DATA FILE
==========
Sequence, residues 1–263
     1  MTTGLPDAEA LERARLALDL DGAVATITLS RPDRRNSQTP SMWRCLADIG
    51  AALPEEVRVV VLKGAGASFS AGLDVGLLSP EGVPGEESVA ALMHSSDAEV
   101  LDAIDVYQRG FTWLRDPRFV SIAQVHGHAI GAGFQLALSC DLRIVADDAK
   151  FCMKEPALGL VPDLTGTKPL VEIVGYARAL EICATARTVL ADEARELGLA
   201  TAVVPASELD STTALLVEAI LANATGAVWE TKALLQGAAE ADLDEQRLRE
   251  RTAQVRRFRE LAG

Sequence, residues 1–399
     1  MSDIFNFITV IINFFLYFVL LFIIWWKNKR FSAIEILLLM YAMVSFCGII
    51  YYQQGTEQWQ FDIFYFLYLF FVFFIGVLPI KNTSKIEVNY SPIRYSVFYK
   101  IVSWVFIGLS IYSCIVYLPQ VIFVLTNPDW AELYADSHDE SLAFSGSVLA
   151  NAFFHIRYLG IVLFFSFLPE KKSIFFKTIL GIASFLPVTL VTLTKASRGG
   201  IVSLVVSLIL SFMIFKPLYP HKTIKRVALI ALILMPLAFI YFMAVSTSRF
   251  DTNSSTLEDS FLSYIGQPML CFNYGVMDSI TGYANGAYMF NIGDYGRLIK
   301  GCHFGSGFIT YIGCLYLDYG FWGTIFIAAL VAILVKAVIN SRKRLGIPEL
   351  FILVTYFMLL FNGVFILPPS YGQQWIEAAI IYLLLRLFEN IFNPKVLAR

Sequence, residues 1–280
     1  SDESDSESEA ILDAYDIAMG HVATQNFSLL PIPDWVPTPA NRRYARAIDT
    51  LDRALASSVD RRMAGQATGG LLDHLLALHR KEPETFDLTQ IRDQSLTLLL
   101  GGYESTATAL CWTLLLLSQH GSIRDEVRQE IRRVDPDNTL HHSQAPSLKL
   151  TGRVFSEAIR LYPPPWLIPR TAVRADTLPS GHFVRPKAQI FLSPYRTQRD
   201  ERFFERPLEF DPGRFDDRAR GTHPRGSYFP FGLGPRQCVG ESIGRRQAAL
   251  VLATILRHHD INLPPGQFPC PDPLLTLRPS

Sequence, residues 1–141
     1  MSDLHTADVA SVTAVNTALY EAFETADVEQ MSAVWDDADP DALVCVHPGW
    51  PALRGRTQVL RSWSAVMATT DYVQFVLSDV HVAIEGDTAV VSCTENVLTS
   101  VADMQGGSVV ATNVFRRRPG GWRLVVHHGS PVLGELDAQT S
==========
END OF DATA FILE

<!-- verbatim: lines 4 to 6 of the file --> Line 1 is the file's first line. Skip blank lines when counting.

   101  LDAIDVYQRG FTWLRDPRFV SIAQVHGHAI GAGFQLALSC DLRIVADDAK
   151  FCMKEPALGL VPDLTGTKPL VEIVGYARAL EICATARTVL ADEARELGLA
   201  TAVVPASELD STTALLVEAI LANATGAVWE TKALLQGAAE ADLDEQRLRE